Drexel dragonThe Math ForumDonate to the Math Forum

Ask Dr. Math - Questions and Answers from our Archives
_____________________________________________
Associated Topics || Dr. Math Home || Search Dr. Math
_____________________________________________

Converting Bases


Date: 12/21/97 at 19:30:51
From: Linda
Subject: Computer codes

I'm trying to find an educational book to explain bases: hexadecimal, 
binary, and decimal numbers, and how to convert them. Can you 
recommend a book?

Thank you,
Linda Reinhardt


Date: 12/22/97 at 12:57:31
From: Doctor Tom
Subject: Re: Computer codes

Hi Linda,

I'd guess that almost any book on computers has a section on this.
I'm not talking about the "How to program in Basic" type books, but 
rather books about how computers work.

I'll take a shot at an explanation.

First, be sure you understand exactly what numbers mean in the old, 
familiar, decimal system. If I write 3409, what it really means is 
("*" means multiplication):

    3*1000 + 4*100 + 0*10 + 9*1

If by 10^3 I mean "ten cubed", or 10*10*10, etc., then I can also 
write it as:

    3*10^3 + 4*10^2 + 0^10^1 + 9*10^0

(remember that 10^0 = 1).

Now there's nothing magic about 10 - it was chosed because we happen 
to have 10 fingers. If humans had 7 fingers, you can bet that we'd be 
writing numbers like this:

    3204 = 3*7^3 + 2*7^2 + 0^7^1 + 4*7^0

The 3204 (base 7) is NOT the same as our standard decimal base 10 
3204, but the scheme above is perfectly reasonable for representing 
numbers.

In base ten numbers, we need symbols for all the numbers less than 10, 
so we use: "0", "1", "2", ..., "8", and "9".  Once it gets bigger than 
9, it slops over into the next column.

If we had 7 fingers, we would only need symbols for numbers less than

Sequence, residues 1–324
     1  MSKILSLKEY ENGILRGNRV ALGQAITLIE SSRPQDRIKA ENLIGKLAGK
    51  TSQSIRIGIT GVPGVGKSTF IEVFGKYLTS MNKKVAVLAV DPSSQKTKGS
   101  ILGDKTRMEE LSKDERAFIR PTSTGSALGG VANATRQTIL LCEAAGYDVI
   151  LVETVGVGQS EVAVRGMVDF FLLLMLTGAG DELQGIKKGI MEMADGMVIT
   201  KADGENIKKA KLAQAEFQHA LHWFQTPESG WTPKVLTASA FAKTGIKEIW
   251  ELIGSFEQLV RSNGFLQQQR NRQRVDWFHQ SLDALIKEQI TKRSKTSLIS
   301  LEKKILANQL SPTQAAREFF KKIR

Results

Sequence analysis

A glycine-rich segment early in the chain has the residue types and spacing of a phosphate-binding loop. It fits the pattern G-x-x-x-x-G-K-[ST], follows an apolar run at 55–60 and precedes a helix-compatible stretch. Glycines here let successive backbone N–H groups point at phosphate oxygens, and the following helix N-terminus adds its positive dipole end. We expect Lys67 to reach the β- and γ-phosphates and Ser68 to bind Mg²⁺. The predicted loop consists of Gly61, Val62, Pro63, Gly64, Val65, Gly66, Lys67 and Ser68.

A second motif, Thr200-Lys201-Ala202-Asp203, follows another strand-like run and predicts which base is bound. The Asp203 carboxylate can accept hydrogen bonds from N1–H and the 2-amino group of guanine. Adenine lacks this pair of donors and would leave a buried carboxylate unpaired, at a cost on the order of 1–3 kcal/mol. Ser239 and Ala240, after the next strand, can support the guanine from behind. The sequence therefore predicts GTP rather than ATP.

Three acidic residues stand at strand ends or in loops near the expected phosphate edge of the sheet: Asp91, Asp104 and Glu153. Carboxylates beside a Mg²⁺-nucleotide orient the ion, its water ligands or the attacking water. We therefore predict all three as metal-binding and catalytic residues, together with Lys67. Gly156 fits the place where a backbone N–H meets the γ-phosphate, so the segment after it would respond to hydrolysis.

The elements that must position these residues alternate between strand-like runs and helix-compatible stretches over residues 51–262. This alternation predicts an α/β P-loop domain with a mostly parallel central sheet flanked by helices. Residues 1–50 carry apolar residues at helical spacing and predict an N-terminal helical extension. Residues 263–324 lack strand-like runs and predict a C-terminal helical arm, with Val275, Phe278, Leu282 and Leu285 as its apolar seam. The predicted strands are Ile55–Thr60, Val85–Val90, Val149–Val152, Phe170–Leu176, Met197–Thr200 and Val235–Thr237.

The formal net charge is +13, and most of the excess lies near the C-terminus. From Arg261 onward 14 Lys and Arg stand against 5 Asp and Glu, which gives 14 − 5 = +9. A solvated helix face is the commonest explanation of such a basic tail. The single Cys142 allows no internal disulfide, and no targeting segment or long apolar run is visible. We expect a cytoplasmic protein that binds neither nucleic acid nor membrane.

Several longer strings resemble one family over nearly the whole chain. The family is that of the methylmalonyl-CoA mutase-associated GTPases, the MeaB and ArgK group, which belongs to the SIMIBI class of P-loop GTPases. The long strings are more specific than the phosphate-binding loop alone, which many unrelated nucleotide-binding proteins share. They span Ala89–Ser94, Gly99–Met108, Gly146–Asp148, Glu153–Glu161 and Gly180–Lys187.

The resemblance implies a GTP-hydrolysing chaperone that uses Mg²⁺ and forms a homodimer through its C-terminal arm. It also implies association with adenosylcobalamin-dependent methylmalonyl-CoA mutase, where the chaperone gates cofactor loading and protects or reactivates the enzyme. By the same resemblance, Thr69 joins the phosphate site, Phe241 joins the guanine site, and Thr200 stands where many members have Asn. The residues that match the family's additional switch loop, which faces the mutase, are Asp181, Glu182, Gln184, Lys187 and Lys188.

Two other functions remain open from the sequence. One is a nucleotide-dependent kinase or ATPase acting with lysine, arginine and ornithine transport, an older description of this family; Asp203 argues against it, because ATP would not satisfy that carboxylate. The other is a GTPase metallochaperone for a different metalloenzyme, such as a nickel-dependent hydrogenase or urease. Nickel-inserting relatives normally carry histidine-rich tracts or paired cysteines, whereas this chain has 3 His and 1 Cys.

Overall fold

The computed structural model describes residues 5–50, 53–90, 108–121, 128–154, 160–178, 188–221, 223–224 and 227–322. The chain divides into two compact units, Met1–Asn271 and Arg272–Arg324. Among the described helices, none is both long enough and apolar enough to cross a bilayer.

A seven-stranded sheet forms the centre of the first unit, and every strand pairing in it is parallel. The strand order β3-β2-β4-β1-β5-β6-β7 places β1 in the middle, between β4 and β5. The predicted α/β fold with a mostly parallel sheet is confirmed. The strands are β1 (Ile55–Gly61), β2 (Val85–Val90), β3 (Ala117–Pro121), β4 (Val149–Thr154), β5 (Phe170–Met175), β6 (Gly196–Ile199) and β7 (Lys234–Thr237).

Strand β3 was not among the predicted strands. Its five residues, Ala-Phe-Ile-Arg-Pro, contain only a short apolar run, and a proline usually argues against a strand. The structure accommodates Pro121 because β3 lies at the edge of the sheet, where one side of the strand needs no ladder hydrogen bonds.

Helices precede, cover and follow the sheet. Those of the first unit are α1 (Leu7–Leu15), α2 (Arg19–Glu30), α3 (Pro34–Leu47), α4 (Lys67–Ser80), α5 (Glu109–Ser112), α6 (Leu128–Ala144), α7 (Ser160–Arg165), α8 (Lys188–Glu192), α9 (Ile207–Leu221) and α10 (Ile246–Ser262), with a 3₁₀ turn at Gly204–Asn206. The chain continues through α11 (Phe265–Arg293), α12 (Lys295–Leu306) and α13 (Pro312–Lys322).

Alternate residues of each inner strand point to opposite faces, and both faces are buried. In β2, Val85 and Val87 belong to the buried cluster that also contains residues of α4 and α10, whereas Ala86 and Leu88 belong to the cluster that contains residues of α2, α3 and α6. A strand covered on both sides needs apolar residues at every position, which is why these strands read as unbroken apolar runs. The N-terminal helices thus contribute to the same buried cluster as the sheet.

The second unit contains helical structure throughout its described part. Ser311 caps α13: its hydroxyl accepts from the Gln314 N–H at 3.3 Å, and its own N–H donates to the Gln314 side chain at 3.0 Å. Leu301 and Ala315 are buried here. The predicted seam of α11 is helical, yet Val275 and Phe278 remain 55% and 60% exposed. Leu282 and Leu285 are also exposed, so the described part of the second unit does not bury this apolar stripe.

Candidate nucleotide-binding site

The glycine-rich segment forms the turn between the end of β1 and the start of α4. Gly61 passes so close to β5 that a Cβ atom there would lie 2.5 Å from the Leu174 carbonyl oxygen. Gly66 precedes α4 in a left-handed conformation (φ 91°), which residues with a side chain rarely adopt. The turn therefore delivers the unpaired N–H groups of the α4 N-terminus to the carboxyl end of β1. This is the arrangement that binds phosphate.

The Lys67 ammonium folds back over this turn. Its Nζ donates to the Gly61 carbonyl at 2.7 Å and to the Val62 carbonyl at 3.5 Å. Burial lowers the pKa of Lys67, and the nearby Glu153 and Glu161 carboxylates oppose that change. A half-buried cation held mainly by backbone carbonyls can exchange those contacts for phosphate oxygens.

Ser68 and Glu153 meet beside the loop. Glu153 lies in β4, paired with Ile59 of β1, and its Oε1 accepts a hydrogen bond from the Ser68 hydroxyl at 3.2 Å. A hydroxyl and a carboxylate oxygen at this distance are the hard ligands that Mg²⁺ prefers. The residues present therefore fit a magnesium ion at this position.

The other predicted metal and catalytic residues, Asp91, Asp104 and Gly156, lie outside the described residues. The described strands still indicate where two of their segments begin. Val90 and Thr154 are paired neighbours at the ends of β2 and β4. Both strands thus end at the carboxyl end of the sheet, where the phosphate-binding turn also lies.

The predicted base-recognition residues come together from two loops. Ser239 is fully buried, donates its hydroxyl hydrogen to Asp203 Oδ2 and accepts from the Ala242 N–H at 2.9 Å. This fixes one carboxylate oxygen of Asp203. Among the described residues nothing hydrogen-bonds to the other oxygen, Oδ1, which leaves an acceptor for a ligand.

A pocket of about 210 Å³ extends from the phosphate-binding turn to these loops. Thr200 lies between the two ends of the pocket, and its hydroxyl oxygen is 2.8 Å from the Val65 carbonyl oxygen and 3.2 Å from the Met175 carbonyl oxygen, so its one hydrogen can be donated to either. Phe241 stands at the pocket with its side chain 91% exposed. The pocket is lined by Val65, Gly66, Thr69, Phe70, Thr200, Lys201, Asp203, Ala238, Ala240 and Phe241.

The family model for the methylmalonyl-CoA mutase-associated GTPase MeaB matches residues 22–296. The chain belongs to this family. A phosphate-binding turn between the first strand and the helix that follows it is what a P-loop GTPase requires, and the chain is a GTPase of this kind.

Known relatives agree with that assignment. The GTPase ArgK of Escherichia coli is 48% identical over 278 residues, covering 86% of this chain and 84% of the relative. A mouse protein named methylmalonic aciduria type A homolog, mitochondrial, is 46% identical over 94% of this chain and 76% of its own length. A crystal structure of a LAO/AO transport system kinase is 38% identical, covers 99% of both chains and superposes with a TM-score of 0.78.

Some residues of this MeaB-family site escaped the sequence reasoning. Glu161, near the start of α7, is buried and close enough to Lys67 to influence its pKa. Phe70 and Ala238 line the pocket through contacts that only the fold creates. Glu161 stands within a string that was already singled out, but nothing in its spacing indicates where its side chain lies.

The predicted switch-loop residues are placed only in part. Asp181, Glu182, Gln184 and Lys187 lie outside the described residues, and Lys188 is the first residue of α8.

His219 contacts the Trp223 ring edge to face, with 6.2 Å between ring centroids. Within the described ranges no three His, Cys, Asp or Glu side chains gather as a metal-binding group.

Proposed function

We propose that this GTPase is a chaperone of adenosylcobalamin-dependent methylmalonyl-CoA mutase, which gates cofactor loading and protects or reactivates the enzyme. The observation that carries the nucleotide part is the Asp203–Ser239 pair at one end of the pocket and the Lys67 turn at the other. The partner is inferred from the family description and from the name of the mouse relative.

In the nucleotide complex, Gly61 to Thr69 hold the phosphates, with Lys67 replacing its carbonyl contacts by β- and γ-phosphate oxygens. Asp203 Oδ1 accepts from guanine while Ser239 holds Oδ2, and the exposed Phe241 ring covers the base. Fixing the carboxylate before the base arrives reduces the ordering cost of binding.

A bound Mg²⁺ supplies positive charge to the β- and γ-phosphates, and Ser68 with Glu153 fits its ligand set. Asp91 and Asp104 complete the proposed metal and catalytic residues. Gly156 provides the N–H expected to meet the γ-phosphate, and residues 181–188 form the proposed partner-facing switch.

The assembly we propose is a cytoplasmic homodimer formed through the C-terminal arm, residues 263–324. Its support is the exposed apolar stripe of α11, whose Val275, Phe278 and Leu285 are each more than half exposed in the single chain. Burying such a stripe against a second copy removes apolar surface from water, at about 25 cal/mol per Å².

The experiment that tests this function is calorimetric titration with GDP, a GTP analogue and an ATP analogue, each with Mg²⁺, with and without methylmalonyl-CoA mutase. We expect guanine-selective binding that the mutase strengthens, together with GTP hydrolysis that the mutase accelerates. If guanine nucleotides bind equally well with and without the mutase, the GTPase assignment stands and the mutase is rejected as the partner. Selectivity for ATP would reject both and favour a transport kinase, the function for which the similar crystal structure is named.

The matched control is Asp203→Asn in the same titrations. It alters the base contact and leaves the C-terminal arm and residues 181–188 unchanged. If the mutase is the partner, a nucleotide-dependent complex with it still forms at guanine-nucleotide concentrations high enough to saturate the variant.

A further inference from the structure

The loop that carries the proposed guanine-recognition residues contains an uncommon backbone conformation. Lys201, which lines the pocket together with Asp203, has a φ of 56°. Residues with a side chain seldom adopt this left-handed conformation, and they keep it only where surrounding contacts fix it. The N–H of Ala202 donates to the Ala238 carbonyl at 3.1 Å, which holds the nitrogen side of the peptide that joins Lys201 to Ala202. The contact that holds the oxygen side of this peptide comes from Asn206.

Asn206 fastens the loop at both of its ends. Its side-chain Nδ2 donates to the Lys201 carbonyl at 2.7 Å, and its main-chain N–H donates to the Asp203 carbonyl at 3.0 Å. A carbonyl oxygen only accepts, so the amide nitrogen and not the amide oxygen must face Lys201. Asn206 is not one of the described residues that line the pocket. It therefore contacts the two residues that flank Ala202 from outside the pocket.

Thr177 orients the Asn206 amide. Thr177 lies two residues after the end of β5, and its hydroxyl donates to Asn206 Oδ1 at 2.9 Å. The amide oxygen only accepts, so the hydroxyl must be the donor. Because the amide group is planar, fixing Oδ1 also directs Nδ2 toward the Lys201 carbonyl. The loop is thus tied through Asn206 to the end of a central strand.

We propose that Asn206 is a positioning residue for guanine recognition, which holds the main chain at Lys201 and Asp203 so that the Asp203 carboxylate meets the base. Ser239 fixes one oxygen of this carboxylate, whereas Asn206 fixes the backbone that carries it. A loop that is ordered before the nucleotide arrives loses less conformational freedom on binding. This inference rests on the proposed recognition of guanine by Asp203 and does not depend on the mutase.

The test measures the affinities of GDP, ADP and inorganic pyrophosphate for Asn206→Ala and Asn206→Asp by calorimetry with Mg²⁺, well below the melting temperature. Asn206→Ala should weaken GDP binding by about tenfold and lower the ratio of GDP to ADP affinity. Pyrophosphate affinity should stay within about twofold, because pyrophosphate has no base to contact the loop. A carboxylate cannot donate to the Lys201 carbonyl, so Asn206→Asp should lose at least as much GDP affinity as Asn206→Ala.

7: "0", "1", "2", "3", "4", "5", and "6".  Larger numbers would slop 
over into the next higher column.

So the base that you use (the examples above are in base 10 and base 
7) is totally arbitrary. For technical reasons, base 10 would be an 
extrememly inconvenient base to use in designing a computer. Base 2 is 
much better.

So if we had only 2 fingers, we only need symbols for numbers less 
than 2: "0" and "1" do the trick.

The binary number 10110 represents:

    1*2^4 + 0*2^3 + 1*2^2 + 1*2^1 + 0*2^0

If you need to convert this to base ten, just work out the numbers:  
2^4 = 2*2*2*2 = 16, 2^2 = 2*2 = 4, and 2^1 = 2.

So 10110 (binary) = 1*16 + 1*4 + 1*2 = 22 (decimal).

So to convert any binary number to decimal, you just need to work out 
the correct powers of 2, and add them in, depending on whether there's 
a 0 or a 1 in the appropriate position in the number.

Here's another example.  Convert 1101101 (binary) to decimal.

This number has a 1 in the 2^0, 2^2, 2^3, 2^5 and 2^6 slots.
2^6 = 64, 2^5 = 32, 2^3 = 8, 2^2 = 4, and 2^0 = 1, so it's equal to
64+32+8+4+1 = 109 (decimal).

To convert the other way is a little trickier. Let me convert 231 
(decimal) to binary. There are tricks to do this faster, but let me